Brian Donnelly, better known as KAWS, is an artist who refuses to be labeled. He began his career painting graffiti but he’s anything but a street artist. He designs and sells consumer products — toys, apparel — and yet his work has shown in museums across the country and around the globe.
To Andrea Karnes — chief curator at the Modern Art Museum of Fort Worth and the curator of KAWS: Where the End Starts, which opens there Oct. 20 — he’s the most successful cross-over artist of his generation (Takashi Murakami being his primary competition). Like his market-spanning predecessors Andy Warhol and Keith Haring, KAWS has sold his art at the high and low ends of the market, something Karnes says is extremely rare.
While KAWS has shown in museums throughout the country, the exhibit is the first major survey of his work. It will debut at the Modern and then travel to Yuz Museum in Shanghai, China, in March 2017.
Karnes has been watching Donnelly’s fine art career since 2010. She brought the young artist to Fort Worth in 2012 for a FOCUS exhibition, a series of small, focused shows that highlight artists who have either not been seen in the area or who are at the start of their careers in the art world.
Critics received the FOCUS show well, but it was its popular appeal that prompted the long-term display of KAWS’ enormous "Companion (Passing Through)" in front of the Fort Worth museum.
Donnelly began his career 20 years ago with street interventions, first in Jersey City, then New York, before achieving enough fame to travel to Japan, where he began collaborating with design and fashion brands on apparel and toys.
His work is characterized by an attention to line, color and striking graphics, as well as a strong visual language (double X’s are ubiquitous in his work) and the use of recognizable pop culture icons such as Mickey Mouse and the Michelin Man.
“I was initially drawn to the accessibility of his imagery, how it breaks all language and cultural barriers, and puts them in his own visual vocabulary,” Karnes says. “He uses these things we’re sort of instantly familiar with but then he puts his own twist on them.”
For decades — at least since Warhol — artists have been repurposing brands and advertising practices as fine art, but KAWS has always been different. Where Warhol’s Brillo Boxes or Claes Oldenburg’s oversized grocery items conveyed a sense of irony or apathy, KAWS’ deconstructed cartoon characters are often shown in positions of vulnerability. His Michelin Man and his signature mouse often appear shy, sad or embarrassed.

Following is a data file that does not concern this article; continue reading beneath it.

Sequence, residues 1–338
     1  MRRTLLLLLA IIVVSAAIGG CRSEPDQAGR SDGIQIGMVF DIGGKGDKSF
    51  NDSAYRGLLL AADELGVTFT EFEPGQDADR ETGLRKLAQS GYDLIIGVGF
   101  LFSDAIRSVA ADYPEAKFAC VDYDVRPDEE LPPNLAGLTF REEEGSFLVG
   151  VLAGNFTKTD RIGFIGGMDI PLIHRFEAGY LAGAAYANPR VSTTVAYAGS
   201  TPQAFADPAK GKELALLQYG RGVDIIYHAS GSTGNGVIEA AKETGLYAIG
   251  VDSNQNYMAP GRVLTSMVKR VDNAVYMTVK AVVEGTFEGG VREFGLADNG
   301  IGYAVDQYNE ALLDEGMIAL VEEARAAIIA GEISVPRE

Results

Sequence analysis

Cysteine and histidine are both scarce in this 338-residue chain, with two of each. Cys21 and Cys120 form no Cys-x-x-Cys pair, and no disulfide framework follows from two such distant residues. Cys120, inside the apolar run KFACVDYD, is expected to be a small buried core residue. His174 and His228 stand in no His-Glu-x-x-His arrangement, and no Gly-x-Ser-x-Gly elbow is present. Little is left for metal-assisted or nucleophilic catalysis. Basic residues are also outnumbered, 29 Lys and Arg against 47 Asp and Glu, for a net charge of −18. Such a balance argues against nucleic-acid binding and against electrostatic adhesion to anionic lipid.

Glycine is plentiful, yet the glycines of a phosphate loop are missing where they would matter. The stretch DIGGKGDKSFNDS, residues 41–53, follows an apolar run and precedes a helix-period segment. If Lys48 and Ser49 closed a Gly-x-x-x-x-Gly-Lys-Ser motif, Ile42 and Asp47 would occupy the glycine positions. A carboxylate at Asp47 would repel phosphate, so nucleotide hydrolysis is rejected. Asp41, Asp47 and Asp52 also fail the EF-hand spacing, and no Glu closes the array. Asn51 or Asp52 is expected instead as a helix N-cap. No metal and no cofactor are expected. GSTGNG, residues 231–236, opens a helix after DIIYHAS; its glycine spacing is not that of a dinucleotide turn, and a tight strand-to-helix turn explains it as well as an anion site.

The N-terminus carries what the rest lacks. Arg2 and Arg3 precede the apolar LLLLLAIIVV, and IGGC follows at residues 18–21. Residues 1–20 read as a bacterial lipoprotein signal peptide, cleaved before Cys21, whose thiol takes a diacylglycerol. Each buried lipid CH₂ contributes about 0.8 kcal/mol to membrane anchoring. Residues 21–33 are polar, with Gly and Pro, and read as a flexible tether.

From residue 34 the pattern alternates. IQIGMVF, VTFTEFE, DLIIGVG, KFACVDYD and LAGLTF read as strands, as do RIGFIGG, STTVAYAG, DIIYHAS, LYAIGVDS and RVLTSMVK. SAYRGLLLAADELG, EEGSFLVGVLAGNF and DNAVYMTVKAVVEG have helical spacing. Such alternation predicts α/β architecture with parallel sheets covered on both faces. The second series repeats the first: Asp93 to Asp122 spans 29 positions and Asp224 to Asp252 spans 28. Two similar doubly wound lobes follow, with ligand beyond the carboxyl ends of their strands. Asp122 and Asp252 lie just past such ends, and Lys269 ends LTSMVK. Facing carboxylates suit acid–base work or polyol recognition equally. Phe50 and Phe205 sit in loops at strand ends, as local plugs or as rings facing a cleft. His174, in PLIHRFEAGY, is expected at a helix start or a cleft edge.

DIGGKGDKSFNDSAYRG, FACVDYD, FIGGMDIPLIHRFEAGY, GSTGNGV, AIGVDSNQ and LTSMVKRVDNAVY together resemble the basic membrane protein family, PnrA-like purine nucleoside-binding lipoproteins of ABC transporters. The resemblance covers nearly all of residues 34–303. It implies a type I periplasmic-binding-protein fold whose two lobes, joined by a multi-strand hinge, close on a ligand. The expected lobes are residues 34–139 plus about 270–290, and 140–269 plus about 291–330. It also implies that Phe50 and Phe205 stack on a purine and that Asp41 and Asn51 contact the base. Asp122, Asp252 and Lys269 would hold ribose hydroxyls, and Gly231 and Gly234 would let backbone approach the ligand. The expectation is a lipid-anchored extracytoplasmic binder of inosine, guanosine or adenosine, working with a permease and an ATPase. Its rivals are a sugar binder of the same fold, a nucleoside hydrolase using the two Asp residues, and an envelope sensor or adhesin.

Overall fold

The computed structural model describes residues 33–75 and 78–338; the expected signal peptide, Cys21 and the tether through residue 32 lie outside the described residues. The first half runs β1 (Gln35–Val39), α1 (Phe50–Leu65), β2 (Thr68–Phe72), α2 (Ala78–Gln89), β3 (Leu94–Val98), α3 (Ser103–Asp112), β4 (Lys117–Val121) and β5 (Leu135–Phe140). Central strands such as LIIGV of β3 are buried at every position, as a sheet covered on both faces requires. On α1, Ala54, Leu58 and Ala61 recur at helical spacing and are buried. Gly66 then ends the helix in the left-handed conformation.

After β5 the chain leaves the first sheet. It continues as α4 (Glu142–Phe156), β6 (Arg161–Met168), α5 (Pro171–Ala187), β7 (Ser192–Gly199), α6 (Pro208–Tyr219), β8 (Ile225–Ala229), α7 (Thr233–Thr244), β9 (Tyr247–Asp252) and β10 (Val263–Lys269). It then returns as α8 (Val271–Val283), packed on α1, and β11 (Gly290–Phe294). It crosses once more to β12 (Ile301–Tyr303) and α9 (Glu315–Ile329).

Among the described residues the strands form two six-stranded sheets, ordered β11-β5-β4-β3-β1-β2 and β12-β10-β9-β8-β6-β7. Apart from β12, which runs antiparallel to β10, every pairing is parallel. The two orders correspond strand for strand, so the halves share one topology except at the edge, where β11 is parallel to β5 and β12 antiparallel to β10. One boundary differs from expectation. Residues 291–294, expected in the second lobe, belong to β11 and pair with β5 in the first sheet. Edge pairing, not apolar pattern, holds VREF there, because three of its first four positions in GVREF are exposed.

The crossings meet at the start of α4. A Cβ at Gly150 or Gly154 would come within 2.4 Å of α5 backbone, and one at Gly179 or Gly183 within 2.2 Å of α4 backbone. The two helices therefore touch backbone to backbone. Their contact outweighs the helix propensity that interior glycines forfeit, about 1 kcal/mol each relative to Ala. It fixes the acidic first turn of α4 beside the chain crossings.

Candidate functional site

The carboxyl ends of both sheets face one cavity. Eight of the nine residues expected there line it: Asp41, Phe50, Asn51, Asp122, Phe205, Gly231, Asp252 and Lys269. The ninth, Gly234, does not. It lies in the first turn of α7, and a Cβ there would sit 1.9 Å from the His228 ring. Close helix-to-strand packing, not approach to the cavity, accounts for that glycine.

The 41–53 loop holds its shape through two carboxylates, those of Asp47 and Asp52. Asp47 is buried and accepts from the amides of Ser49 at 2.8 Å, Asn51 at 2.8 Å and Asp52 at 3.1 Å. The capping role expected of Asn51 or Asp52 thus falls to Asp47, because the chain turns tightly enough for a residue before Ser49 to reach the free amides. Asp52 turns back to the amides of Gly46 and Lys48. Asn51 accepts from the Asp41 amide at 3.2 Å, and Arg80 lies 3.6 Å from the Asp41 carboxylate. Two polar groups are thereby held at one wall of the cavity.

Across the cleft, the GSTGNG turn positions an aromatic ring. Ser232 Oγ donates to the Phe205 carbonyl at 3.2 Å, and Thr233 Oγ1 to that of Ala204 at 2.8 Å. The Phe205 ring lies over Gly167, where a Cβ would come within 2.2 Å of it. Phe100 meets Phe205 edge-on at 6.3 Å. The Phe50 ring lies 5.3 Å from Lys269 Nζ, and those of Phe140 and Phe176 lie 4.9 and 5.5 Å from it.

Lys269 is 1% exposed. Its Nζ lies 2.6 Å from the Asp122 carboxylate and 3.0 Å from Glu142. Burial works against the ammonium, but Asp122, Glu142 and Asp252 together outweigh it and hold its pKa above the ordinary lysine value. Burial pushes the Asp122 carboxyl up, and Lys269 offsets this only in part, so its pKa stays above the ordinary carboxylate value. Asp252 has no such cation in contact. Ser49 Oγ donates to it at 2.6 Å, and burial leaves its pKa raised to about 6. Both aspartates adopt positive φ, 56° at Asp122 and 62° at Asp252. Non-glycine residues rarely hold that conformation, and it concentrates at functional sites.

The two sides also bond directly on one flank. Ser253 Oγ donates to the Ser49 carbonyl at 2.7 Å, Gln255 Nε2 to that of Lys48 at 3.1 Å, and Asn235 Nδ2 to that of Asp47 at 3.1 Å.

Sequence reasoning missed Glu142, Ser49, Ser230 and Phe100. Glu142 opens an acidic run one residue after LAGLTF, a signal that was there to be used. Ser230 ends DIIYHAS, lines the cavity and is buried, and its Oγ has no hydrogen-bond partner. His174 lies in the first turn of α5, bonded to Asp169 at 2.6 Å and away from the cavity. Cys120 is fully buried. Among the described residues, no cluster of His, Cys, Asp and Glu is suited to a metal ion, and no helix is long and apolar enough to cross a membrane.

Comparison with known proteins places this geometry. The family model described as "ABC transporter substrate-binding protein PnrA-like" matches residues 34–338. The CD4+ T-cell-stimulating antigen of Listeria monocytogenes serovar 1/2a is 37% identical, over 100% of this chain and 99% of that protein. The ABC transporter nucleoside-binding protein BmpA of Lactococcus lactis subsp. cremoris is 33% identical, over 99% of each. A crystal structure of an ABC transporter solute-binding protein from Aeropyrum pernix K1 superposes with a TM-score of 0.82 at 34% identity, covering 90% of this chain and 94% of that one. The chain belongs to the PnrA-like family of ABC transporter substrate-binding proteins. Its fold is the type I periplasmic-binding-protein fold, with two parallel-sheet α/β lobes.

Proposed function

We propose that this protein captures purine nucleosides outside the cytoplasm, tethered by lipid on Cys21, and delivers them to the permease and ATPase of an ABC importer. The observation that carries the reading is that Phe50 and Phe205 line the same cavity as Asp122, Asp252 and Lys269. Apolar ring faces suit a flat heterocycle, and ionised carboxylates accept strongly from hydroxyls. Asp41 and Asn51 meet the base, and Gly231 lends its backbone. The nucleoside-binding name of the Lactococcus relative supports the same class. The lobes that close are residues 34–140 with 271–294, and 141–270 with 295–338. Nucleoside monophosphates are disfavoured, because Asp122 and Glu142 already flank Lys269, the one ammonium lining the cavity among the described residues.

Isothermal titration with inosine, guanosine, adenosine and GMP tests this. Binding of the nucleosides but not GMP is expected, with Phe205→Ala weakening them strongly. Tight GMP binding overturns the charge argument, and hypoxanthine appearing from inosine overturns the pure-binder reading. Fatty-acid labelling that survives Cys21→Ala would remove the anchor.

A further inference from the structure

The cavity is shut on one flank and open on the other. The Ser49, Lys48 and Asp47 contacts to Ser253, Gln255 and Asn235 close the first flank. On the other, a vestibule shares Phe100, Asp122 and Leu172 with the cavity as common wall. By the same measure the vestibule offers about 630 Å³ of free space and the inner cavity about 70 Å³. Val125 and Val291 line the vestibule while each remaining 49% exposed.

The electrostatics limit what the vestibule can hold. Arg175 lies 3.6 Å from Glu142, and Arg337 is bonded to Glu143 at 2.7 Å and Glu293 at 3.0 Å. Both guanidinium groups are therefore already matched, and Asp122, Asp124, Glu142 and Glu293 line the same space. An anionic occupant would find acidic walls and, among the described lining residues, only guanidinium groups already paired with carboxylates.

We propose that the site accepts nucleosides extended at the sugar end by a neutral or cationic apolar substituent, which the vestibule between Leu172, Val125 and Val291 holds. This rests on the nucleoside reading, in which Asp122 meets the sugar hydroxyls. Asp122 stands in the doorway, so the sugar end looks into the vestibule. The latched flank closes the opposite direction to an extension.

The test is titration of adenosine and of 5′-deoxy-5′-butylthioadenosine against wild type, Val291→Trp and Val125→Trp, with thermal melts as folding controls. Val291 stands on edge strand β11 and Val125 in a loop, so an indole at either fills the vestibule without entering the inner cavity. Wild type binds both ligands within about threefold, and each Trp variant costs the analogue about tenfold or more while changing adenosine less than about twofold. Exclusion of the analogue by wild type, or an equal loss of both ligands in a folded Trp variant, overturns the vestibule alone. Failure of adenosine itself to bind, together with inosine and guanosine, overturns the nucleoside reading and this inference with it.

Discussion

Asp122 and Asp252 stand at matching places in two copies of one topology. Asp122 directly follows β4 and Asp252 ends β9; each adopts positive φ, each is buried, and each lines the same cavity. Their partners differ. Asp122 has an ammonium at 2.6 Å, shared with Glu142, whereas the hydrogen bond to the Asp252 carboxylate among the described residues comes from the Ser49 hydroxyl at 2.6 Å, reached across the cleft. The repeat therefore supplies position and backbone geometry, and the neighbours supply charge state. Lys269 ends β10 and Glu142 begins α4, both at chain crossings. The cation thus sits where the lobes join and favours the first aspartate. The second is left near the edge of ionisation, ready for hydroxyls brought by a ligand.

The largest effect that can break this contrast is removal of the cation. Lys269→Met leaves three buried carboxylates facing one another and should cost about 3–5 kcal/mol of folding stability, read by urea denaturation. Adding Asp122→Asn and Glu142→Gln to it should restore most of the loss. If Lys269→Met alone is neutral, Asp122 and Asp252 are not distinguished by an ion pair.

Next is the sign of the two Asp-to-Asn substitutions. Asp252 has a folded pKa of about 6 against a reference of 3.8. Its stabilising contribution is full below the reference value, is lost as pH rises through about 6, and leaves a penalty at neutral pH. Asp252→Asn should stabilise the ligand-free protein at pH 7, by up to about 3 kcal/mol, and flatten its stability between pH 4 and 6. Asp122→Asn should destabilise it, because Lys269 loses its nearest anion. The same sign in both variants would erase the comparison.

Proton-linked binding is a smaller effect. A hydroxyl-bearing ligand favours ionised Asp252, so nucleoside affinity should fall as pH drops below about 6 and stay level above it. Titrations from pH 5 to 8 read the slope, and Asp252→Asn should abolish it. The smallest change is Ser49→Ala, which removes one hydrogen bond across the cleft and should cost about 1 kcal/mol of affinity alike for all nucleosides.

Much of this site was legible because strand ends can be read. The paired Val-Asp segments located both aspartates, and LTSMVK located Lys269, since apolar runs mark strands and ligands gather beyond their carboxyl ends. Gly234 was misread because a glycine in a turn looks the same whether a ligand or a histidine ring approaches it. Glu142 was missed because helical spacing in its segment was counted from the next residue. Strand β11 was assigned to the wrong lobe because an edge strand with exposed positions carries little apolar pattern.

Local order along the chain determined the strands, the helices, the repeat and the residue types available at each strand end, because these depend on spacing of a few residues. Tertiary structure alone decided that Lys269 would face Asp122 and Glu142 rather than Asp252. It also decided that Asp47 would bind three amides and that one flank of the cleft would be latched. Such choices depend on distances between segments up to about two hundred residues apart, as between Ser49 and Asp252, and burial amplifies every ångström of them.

Part of KAWS' renown is due to his age and intuitive ability to self-promote. He’s a heavy and skilled social media user, and the melancholy recognizable in some of even his brightest, most vibrant work speaks to our lack of inhibition when it comes to expressing difficult or negative emotions publicly in the 21st century.
By the same token, KAWS' entire body of work seems designed to appeal to a generation of young people who distrust every institution, including the art world.
“He doesn’t understand the hierarchy of images set forth by the art world — why one thing is considered art and one thing is considered trash,” Karnes says. “What he’s always tried to do, starting with graffiti, is question that hierarchy, or make us as viewers question it.”
From the beginning, Donnelly has consciously used his art practice as a kind of advocacy; his work in design and on the street was intended always to invite people in, to show them they too can be a part of the art world, and on their terms. It was never about aggressive anti-establishment practices.
“[If] street artists want to buck the institution, they have to resolve that in their own minds,” Karnes says. “Brian hasn’t made anything in terms of graffiti since 2000. The only reason he engaged in the practice was he simply had no other way of getting his images in front of the art world.”
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That's a far cry from the position Donnelly occupies today as he moves between major museum shows, expensive commissioned works and high profile collaborations with artists such as Pharrell Williams.
KAWS' work is a hybrid of establishment-approved art such as pop art and street art, nestled within a framework of recognizable design-centered imagery he uses as a vehicle of communication to reach further into the mainstream than most artists today would dream possible.
KAWS: Where The End Starts will be on view at the Modern through Jan. 22 and will feature over 100 works, beginning with his early street interventions, moving into his consumer products and ending with the sculptures, abstract paintings and drawings he creates today.
The Modern Art Museum of Fort Worth (3200 Darnell St.) is open 10 a.m. to 5 p.m. Tuesday through Sunday. Admission is $10. For more info, visit themodern.org.